Professor Jason P. Nance · October 2016
84 Geo. Wash. L. Rev. Arguendo 151
A recent event that occurred in a South Carolina classroom illustrates why there should be concern about assigning law enforcement officers to work in public schools. In October of 2015, a teacher called a law enforcement officer into a classroom to handle a student behavior problem. A female student was using a cell phone in violation of school rules. Other students in the classroom captured what happened next by video. The videos show that when the student refused to exit the classroom, the officer grabbed her by the neck, flipped her and her desk to the floor, and then forcibly dragged her across the classroom to restrain and arrest her.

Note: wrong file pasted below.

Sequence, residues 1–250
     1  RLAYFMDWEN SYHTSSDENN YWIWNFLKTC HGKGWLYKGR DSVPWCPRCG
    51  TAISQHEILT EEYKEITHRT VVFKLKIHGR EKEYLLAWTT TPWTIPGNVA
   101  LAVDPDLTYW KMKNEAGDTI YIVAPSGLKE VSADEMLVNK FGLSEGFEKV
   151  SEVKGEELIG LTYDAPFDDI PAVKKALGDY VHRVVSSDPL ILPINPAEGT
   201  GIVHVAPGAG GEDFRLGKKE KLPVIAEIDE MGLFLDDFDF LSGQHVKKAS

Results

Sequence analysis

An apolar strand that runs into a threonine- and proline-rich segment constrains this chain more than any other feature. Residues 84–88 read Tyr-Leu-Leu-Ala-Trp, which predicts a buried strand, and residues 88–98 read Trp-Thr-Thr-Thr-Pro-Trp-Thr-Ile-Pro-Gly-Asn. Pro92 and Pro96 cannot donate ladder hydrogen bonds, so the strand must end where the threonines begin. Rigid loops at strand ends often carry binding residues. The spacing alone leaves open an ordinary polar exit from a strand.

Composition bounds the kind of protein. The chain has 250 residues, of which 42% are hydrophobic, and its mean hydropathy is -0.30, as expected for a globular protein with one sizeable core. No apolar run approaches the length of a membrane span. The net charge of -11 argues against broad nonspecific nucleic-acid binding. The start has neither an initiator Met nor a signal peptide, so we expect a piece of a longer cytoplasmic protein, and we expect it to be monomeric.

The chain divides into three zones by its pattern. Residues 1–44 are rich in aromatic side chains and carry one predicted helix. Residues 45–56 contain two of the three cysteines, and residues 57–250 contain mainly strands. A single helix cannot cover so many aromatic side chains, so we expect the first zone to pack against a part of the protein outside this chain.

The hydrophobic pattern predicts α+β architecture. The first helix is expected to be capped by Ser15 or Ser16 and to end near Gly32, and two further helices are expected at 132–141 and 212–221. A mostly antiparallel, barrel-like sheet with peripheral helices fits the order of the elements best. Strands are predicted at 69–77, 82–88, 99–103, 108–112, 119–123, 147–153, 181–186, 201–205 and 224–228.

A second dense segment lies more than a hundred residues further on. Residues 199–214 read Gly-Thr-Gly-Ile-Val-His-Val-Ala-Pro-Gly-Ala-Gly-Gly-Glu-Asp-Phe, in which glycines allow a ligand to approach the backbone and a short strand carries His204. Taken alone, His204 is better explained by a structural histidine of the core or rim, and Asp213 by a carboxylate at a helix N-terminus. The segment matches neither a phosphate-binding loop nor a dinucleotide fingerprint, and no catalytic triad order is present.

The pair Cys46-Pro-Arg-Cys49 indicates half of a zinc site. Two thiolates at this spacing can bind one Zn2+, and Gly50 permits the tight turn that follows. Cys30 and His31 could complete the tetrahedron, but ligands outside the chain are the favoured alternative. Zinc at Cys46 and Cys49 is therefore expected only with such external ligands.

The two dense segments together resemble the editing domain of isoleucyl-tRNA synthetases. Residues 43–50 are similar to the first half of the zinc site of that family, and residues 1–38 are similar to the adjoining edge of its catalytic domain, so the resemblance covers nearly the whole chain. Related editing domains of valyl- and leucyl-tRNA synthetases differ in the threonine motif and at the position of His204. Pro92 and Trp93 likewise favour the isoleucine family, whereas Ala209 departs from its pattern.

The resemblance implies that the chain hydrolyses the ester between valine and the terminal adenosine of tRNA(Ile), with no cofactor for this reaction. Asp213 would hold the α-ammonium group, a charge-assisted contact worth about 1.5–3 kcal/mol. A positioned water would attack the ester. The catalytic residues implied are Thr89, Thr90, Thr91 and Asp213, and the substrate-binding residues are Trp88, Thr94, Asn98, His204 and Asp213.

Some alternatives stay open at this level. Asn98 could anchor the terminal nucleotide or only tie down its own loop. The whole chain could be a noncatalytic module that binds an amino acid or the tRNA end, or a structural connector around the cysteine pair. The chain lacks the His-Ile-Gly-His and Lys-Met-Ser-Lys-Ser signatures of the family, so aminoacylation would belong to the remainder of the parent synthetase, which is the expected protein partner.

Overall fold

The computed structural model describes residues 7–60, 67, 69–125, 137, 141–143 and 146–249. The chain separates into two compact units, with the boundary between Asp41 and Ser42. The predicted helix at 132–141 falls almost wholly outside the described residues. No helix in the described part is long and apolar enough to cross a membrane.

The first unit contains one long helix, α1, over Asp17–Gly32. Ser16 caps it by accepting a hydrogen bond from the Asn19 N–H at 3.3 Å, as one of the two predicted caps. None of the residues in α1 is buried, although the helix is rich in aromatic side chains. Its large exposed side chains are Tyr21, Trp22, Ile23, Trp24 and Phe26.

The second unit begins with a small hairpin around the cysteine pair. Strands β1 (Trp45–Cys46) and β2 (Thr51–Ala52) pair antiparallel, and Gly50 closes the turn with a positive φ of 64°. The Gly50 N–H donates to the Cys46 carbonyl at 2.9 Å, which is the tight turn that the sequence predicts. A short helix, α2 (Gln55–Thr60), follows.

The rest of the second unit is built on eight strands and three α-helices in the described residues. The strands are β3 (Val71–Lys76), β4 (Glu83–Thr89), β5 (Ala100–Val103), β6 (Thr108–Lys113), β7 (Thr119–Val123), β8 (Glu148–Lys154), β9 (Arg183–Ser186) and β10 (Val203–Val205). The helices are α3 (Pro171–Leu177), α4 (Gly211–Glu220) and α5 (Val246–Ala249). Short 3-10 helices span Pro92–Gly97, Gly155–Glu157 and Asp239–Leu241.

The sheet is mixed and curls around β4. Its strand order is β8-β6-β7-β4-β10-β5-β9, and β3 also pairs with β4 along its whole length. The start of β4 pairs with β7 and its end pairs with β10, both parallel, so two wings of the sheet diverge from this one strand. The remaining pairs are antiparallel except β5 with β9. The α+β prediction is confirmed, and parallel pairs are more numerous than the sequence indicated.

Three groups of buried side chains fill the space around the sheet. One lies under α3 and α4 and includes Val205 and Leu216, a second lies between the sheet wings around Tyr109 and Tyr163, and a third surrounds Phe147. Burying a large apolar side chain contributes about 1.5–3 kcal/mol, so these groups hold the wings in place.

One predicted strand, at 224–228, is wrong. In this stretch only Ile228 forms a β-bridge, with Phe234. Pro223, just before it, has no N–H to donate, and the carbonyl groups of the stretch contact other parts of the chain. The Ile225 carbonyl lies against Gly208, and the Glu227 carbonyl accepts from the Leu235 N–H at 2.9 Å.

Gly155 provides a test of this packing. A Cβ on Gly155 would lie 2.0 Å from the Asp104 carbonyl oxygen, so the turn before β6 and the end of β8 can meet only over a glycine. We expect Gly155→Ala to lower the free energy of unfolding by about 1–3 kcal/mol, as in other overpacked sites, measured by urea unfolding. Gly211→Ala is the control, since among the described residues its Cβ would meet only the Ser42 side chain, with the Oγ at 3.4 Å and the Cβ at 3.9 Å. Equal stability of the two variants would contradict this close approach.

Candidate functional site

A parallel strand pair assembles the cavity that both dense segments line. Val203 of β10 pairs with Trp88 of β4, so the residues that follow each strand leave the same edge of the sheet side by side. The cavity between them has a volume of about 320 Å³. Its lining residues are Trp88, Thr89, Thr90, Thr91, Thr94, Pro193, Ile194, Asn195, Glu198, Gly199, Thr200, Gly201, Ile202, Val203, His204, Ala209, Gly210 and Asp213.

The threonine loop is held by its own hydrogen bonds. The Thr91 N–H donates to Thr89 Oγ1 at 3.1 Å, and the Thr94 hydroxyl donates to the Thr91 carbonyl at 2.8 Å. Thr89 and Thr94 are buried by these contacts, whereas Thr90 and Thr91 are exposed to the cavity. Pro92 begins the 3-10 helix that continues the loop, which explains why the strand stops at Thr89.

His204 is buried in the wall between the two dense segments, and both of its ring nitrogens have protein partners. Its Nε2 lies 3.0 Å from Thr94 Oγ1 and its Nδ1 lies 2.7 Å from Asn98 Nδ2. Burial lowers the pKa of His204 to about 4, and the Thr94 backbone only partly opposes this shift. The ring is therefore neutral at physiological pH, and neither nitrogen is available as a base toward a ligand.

This event was not an isolated incident of a law enforcement officer, sometimes referred to as a school resource officer (“SRO”), mishandling a student discipline problem. Indeed, evidence of law enforcement officers mishandling student disciplinary problems abound. These incidents alone should give us pause. However, this Essay presents below a simple cost-benefit analysis of SRO programs that I hope will be used by policymakers, school officials, parents, and members of our community to evaluate whether law enforcement officers belong in schools at all.